Mike Irwin
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That is the projectile, or at least the nose of one.

Compare it to the interts on this auction: http://www.gunauction.com/buy/4900021

I'm thinking, though, that that's some sort of training projectile or marker. That big... aluminum.... tank? under the nose looks like it would hold something other than explosive.
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Old May 22, 2016, 07:44 AM   #12
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Here's a pretty neat page on the Bofors. About halfway down the page there's a diagram of two shells.

http://maltacommand.com/bofors.html
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Old May 22, 2016, 07:46 AM   #13
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Here's some even better information on a modeler's forum. You have to go most of the way down the page, but it looks like green was the identifier for a high explosive 40mm shell...

http://www.shipmodels.info/mws_forum...4721&start=380

Some great pictures, too.
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Old May 22, 2016, 07:54 AM   #14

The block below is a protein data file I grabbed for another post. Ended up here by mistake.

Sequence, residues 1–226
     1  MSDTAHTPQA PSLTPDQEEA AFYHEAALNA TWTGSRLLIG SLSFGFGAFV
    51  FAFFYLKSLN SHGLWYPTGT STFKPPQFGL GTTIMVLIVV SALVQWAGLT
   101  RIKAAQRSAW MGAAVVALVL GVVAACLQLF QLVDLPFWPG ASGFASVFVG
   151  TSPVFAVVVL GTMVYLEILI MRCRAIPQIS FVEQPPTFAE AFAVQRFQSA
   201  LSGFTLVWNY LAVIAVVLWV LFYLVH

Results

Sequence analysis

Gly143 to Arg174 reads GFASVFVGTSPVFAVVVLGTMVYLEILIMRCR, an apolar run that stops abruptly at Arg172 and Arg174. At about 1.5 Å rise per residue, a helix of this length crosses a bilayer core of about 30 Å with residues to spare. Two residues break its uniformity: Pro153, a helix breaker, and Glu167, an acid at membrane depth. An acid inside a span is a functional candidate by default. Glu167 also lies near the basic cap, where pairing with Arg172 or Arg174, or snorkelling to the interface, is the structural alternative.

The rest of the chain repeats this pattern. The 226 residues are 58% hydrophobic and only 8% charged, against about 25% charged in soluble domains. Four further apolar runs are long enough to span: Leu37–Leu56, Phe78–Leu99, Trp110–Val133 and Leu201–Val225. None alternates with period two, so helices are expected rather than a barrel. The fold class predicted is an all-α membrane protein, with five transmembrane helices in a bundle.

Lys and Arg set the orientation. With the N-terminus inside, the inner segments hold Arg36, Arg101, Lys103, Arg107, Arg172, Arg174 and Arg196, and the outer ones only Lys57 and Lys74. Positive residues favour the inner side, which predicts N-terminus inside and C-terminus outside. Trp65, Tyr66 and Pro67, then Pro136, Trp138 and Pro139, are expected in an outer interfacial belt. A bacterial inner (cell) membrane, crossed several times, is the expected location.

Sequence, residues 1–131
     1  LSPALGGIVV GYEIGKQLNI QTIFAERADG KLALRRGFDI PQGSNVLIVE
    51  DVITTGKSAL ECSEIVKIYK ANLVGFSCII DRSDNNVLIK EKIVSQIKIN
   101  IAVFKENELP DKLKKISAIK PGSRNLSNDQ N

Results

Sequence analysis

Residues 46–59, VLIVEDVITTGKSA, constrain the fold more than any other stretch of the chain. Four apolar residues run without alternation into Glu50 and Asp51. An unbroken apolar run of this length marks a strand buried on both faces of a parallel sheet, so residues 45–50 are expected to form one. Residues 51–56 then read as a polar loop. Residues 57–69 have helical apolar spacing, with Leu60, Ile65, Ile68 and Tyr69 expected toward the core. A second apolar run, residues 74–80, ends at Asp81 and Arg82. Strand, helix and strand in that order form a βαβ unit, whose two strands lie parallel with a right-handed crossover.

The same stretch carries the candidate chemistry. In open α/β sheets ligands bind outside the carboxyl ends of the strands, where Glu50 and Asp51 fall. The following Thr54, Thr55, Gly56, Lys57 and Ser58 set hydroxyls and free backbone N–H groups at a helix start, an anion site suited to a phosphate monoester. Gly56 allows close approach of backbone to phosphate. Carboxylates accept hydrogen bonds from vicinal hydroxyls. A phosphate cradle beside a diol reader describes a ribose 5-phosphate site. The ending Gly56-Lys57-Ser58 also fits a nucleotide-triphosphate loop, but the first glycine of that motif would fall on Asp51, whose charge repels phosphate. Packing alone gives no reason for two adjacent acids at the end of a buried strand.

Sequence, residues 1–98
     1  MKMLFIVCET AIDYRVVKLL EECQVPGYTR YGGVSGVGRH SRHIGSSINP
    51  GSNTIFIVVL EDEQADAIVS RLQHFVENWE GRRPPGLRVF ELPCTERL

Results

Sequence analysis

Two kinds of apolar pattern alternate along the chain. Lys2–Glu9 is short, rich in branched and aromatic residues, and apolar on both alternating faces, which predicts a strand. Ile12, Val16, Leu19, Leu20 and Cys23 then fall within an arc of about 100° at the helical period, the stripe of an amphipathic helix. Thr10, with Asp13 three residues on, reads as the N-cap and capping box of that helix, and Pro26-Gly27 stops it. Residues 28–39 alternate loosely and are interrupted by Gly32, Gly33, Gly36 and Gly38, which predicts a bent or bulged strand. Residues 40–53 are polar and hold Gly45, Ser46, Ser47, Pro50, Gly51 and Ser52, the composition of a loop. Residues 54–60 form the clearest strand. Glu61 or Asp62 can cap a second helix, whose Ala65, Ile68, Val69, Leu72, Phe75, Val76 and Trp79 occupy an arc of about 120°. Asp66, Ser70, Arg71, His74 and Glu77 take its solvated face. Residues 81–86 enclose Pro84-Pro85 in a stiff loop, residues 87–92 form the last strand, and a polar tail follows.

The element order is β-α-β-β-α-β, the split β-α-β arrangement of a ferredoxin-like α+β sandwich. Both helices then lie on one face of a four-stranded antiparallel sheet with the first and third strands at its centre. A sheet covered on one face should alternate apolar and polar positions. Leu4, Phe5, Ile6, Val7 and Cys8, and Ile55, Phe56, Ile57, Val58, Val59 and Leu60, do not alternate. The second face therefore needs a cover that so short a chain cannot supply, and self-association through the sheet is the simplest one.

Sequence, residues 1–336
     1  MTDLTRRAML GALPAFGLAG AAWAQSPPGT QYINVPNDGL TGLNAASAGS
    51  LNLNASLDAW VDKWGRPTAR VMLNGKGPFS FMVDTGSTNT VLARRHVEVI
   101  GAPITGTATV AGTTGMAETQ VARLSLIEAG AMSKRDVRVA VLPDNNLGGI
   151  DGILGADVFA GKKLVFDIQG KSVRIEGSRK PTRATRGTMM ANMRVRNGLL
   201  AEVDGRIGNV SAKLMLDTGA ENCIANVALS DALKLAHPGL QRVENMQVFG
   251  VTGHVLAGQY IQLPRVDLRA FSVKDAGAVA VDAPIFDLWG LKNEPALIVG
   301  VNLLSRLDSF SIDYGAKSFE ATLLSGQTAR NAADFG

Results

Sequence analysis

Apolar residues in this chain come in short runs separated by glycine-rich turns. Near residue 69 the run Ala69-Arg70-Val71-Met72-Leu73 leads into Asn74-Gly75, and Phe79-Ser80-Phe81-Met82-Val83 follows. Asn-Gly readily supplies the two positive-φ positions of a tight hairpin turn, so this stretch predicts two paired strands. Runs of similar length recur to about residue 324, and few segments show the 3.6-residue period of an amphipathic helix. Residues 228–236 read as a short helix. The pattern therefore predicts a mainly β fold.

444
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Mike that webpage is interesting.

In those pictures you can easily see some of the stuff I was talking about: You can see those rounds in the four round clips. In the top picture you can see a guy that loaded a four round clip into the automatic loader. You can see the gunner, the "lead setter", and the sights. You can also see that, that gun is set up for manual operation with the hand cranks.

The gun on the M42 Duster is the same thing only there are two of them side by side. And the Duster allows "power mode" operation to run the turret using electric power provided by an on-board generator we called "Little Joe". The Duster also allowed sighting with a holographic type sight. The Duster also had a somewhat more sophisticated sighting arrangement.

I am not sure about what type of round that is in the picture. Typically, training rounds or inert rounds are painted blue. Maybe this website might shed some light on it ????